Tseshaht celebrates athletes this weekend, including NAIG medalists

Port Alberni, BC

Tseshaht First Nation is getting ready to honour some of its young athletes.

The Nuu-chah-Nulth First Nation will stage a celebratory luncheon on Saturday, Aug. 12, at the Paper Mill Dam Park in Port Alberni. Festivities begin at noon.

Those being honoured at the event will include three Tseshaht teenagers who all captured bronze medals at the recent North American Indigenous Games (NAIG) that were primarily held in the Nova Scotia capital of Halifax.

This list includes Jaidin Knighton, a member of the British Columbia girls’ under-16 basketball squad that placed third in its category at the NAIG.

Also, softball teammates Jamie-Leigh Lucas and Hayleigh Watts were on the B.C. girls’ under-16 squad that brought home the bronze in its division from the multi-sport games.

Saturday’s celebration will also include Jolyn Watts, a local runner who won a pair of medals in track events at the Special Olympics World Games, held in Berlin, Germany in June. Jolyn Watts won a gold medal and a bronze medal in her international debut.

Knighton was thrilled her squad returned home with some hardware. Her B.C. team downed Minnesota 75-49 in the battle for third place.

“It was really great,” Knighton said of her NAIG experience. “I’m glad we pulled through in the end.”

Knighton, who is going into Grade 11 at Alberni District Secondary School, was the Team B.C. centre.

“We were going there to win,” Knighton said of her club’s expectations heading into NAIG. “Our goal was to win the gold. But we’re definitely happy we ended up pulling through with the bronze.”

Meanwhile, Lucas and Watts were members of the B.C. girls’ softball under-16 side that ended up with a bronze medal. As it turned out, however, the team never did get to play its bronze-medal game due to severe weather conditions (an abundance of rain).Instead, both participants in the battle for third place, B.C. and Saskatchewan, were awarded bronze medals.

“I thought NAIG was a fun experience and a great opportunity to meet new people,” Lucas said. “I enjoyed playing with and against new people throughout North America.”

Lucas is also thrilled that she will be among athletes being celebrated by her First Nation on Saturday.

“It feels really good for my Tseshaht roots to be recognized and to be celebrated alongside my teammate Hayleigh, who I have been playing ball with for six years,” she said. “I feel really lucky to be celebrating that with Tseshaht. I look forward to it.”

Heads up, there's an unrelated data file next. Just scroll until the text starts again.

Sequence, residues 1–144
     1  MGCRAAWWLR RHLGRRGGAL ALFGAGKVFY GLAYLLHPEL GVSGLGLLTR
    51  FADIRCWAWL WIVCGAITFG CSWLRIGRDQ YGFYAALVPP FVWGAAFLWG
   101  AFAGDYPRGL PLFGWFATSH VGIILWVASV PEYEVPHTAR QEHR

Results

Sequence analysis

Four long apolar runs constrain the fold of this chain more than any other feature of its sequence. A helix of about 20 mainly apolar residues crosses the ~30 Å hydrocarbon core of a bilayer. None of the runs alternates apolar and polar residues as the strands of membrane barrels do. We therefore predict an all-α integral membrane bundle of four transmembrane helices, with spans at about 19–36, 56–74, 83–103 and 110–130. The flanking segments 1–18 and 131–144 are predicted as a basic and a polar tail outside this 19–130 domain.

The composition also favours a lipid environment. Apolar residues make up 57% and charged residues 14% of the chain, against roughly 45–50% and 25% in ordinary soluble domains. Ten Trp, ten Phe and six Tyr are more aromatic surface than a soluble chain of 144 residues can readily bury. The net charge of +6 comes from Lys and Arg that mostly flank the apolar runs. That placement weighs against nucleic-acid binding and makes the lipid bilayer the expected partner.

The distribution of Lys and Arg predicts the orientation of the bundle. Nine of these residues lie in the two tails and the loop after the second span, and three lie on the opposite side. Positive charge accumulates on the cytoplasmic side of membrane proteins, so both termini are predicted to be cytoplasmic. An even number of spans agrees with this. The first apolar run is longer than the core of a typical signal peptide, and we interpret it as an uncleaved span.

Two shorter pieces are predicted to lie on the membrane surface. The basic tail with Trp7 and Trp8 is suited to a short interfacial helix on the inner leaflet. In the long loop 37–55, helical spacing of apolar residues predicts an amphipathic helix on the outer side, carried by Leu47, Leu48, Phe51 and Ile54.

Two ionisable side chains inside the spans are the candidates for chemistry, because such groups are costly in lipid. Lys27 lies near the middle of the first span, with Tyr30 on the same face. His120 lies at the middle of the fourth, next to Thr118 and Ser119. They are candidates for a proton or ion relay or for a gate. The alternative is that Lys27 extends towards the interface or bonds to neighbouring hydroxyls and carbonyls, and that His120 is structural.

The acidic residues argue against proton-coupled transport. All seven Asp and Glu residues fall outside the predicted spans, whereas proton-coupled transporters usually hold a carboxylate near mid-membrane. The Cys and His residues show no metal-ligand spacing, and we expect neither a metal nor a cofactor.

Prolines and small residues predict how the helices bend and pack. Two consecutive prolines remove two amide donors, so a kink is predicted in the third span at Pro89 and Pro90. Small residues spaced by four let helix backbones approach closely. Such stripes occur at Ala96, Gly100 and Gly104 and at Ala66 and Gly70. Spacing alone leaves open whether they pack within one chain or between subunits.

This year’s NAIG featured about 4,800 athletes from across Canada and the United States. They participated in 15 different sports.

“This has a lot of different levels of playing,” Lucas added of her NAIG participation. “I really enjoyed the competition of playing people I’ve never played before.”

These games were originally scheduled to be held in 2020, but were postponed a couple of times because of the COVID-19 pandemic.

NAIG was first held in 1990 in Edmonton. This year marked the 10th time that the games have been held.

The next NAIG is planned for Calgary in 2027. Knighton is disappointed she won’t be able to take part. She’ll be to old to compete in the oldest age grouping, Under-19, by then.

“It’s really disappointing,” she said, adding this year’s NAIG will be her one and only appearance competing at the games.

Tseshaht Chief Councillor Ken Watts said community members are beaming over the NAIG results from its teenage medalists.

“Tseshaht is proud of young athletes representing our nation at the North American Indigenous Games (NAIG),” he said. “We thank their families, caregivers, teammates, coaches and Indigenous Sport, Physical Activity & Recreation Council (I·SPARC) for helping give our youth this once-in-a-lifetime opportunity.”

Watts added the young athletes proved to be rather inspirational.

“We have a nation of over 1,200 citizens who are all proud of you as you’ve now inspired other Tseshaht youth in their sports and recreations goals and dreams,” he said.

Watts added he’s hoping the local medalists continue to excel in their athletic pursuits.

“Keep up the good work and we look forward to your continued growth,” he said.

As for Jolyn Watts, she became a world champion when she won the women’s 1,500-metre race in Berlin a couple of months ago.

She also captured a bronze-medal as she was a member of the Canadian women’s 4x400-metre relay team that placed third in its final.

After she returned back home, Watts’ coach Mike Riddalls told Ha-Shilth-Sa that he felt his athlete’s overseas performances would also be inspirational.

“I hope so,” Riddalls had said. “The Special Olympics are all about competition and training and having fun. I do think (Jolyn’s participation in Berlin) will inspire some of our other local athletes to get to the national team.”

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